In a moving and personal speech on Monday, Kelly recounted the emotional journey each Gold Star family undergoes, beginning with the dreaded knock at the door from a military casualty assistance officer.
"The minute the door opened and a family member sees him framed in the doorway they know … they know without being told … before he uttered his first words … they knew," Kelly said, according to a draft of his prepared remarks.
Families then must wait as the military completes its formal process and sends the remains of their loved ones home from the battlefield. Through all of this — and forever — the pain of loss endures, Kelly said.
"Proud that by this one very personal decision — to serve a cause higher than themselves regardless of the outcome to them personally — their fallen loved one gave answer to two questions that have over the centuries defined the dedication of free and righteous men and women in the fight against wickedness: 'If not me, who? If not now, when?'" he said.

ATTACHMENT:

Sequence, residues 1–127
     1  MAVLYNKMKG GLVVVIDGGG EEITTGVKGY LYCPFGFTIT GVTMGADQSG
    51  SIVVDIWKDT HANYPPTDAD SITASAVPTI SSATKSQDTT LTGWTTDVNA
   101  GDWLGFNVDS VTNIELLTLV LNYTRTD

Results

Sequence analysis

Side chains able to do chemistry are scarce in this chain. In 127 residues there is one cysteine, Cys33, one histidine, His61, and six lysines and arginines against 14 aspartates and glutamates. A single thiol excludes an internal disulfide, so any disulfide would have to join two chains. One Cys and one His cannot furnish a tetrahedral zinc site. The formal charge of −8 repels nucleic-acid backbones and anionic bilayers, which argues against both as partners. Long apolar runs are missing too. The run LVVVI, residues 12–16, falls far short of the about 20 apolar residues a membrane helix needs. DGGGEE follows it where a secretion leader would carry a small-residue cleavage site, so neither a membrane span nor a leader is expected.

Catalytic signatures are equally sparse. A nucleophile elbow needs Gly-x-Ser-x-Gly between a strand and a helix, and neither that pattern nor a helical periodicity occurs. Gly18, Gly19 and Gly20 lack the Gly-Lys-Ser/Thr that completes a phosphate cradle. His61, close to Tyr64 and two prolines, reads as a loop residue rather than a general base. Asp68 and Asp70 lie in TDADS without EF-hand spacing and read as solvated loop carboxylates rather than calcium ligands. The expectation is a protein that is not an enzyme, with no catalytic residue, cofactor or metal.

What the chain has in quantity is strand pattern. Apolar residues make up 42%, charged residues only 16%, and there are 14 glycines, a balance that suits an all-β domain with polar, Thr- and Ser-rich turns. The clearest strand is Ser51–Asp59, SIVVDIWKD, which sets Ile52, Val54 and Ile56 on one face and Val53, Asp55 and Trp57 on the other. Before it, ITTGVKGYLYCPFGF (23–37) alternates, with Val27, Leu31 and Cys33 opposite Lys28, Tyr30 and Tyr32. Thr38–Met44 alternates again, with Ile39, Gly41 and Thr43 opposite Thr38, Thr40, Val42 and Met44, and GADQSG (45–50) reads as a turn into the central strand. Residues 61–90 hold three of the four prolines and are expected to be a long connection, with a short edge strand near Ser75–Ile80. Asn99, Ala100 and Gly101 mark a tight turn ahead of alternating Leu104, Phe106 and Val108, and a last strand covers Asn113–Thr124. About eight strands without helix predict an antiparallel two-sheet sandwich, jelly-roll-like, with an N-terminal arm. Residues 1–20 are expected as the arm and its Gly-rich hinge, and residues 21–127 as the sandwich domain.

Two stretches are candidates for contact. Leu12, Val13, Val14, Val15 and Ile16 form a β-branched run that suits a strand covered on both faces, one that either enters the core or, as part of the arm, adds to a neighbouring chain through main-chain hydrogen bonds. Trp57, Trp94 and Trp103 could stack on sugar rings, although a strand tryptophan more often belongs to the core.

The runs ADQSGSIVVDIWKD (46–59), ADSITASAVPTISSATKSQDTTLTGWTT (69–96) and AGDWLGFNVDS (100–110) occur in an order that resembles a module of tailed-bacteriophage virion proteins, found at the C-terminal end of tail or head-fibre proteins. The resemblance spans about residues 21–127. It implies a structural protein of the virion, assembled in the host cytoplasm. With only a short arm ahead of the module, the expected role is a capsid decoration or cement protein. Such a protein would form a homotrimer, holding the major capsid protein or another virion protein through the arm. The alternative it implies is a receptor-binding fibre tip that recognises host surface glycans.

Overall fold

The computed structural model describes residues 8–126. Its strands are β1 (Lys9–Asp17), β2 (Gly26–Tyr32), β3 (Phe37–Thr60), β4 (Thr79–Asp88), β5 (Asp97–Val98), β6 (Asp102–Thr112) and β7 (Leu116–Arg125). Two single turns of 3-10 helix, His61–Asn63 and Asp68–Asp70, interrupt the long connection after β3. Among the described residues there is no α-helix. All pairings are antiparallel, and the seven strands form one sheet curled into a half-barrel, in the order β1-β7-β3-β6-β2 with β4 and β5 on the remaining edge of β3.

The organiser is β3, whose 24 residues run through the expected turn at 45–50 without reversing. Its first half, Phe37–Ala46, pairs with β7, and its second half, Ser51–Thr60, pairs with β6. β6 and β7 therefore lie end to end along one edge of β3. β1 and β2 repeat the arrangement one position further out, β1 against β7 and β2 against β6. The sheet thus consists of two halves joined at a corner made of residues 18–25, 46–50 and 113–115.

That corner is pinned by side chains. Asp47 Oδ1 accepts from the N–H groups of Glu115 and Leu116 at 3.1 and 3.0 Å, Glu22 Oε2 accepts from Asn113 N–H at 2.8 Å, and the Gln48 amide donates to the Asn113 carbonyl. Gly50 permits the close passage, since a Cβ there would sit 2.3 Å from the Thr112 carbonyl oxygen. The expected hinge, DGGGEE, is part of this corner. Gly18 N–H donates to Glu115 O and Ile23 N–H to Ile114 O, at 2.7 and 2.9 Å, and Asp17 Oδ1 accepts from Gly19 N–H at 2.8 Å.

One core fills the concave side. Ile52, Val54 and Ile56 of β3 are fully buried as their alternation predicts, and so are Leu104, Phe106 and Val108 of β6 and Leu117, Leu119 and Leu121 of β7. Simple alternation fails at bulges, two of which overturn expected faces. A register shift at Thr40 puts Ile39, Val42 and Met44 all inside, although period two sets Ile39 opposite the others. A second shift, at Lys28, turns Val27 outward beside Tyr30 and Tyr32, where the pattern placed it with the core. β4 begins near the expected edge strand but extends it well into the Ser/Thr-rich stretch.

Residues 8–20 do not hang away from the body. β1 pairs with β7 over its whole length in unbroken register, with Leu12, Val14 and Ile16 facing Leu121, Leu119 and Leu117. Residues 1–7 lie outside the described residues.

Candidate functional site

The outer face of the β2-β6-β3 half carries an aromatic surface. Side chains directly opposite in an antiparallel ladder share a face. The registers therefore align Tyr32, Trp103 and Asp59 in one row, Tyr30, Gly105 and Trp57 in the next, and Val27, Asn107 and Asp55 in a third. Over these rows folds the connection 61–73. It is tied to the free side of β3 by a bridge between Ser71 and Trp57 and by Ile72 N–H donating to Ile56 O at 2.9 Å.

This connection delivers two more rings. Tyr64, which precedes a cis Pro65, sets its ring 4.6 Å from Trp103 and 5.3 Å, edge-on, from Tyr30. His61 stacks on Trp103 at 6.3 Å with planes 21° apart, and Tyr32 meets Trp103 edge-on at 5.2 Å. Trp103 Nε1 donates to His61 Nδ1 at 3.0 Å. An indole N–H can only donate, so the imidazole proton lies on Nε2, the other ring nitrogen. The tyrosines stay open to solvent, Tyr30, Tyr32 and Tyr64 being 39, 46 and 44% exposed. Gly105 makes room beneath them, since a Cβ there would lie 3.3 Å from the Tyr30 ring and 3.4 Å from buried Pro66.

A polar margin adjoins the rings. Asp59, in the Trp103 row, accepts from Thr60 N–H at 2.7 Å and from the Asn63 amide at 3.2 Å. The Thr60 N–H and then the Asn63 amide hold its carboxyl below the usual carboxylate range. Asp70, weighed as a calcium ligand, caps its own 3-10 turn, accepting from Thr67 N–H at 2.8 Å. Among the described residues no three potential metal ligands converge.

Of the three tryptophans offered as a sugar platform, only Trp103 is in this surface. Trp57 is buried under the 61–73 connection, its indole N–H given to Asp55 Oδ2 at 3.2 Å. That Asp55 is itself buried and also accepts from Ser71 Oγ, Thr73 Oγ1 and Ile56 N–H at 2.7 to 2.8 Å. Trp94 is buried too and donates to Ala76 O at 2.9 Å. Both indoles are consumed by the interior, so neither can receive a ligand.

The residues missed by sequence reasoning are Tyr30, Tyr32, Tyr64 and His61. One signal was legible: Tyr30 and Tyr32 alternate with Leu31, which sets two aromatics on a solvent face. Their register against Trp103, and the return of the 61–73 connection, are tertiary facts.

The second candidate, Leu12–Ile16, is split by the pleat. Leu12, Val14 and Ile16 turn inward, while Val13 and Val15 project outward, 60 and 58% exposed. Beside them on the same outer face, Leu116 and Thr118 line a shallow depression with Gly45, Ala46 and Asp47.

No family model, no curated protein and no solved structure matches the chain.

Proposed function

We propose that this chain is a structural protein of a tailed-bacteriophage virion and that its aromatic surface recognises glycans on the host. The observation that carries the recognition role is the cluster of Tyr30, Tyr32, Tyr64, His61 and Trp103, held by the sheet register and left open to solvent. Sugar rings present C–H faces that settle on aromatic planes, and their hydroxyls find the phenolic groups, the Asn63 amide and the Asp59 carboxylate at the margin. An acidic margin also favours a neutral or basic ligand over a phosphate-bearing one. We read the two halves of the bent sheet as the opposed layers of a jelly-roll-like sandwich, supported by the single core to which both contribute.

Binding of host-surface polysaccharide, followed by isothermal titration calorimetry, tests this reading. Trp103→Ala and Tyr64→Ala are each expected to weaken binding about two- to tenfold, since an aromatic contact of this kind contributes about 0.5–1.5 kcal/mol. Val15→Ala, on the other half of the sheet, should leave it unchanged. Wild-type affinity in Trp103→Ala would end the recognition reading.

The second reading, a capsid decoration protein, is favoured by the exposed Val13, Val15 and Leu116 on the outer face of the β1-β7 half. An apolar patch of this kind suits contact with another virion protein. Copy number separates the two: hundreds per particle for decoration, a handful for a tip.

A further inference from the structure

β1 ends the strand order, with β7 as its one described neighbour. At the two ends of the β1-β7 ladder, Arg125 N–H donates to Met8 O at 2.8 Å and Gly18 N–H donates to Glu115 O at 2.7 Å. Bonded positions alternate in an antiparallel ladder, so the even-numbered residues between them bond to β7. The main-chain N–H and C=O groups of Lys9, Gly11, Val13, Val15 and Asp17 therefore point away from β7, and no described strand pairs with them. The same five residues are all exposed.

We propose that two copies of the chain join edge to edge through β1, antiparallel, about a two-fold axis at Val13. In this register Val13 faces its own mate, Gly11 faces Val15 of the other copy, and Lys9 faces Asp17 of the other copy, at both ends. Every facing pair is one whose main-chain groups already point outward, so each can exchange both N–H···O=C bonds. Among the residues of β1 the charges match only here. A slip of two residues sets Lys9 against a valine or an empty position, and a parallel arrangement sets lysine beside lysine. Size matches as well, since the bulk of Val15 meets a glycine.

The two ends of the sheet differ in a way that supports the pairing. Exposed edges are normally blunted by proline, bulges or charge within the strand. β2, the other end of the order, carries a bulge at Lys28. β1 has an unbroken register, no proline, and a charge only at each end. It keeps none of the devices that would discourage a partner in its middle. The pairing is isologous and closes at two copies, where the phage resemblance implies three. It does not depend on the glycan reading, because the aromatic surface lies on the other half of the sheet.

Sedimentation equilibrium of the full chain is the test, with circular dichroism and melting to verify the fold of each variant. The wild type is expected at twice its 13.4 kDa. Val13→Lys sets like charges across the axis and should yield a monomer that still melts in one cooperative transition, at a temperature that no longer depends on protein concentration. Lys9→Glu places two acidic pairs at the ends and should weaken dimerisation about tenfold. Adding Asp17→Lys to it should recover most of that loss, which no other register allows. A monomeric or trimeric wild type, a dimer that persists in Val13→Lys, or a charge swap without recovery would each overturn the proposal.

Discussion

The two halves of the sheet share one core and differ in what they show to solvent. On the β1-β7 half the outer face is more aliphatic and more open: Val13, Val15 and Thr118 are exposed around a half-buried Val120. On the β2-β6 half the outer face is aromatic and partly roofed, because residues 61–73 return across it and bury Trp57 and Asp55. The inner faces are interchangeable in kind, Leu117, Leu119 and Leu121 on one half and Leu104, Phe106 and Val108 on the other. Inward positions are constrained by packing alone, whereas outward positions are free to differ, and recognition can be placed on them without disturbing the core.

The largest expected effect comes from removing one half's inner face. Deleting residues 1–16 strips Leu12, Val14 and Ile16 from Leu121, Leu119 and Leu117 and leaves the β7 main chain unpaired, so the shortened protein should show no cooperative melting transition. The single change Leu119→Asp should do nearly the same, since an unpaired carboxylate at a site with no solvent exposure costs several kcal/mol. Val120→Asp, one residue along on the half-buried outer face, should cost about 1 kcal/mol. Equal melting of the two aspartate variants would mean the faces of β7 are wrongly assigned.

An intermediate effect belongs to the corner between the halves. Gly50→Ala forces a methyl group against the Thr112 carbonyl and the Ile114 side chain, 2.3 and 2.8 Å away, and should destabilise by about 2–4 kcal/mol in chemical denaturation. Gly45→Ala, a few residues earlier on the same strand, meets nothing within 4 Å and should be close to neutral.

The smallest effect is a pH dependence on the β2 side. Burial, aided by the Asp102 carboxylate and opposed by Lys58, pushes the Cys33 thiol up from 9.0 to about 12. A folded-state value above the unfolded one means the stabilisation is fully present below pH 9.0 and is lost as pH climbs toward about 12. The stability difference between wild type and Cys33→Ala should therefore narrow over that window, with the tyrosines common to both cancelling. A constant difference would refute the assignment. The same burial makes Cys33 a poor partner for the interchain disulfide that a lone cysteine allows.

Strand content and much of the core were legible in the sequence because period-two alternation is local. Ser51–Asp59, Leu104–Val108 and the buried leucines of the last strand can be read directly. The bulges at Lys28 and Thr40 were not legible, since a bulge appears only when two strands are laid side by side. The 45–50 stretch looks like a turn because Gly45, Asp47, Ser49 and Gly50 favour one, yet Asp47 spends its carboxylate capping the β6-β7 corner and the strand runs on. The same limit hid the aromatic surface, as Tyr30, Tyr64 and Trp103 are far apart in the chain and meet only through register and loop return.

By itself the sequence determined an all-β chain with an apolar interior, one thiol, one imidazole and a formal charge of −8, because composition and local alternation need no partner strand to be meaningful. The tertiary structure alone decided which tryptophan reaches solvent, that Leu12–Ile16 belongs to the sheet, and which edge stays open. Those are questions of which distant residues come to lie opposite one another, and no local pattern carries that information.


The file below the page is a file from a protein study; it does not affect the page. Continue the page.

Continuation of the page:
Kelly himself had visited many hospital beds of wounded troops and spoken to dozens of Gold Star families before he lost his own son, he said.
"I have been ... asked if it was worth the life of someone they brought into the world, raised and nurtured so lovingly, and so much looked forward to seeing grow and find wonderful husbands and wives, and give them grandchildren to spoil," he said. "...My sense then was it is inconceivable for anyone to understand that has not had his own heart pierced with such sadness. I learned I was right."
"So in spite of the terrible emptiness that is in a corner of my heart and I now know will be there until I see him again, and the corners of the hearts of everyone who ever knew him, we are proud … so very proud," Kelly said. "Was it worth his life? It's not for me to say. He answered the question for me."
Read all of Kelly's speech here.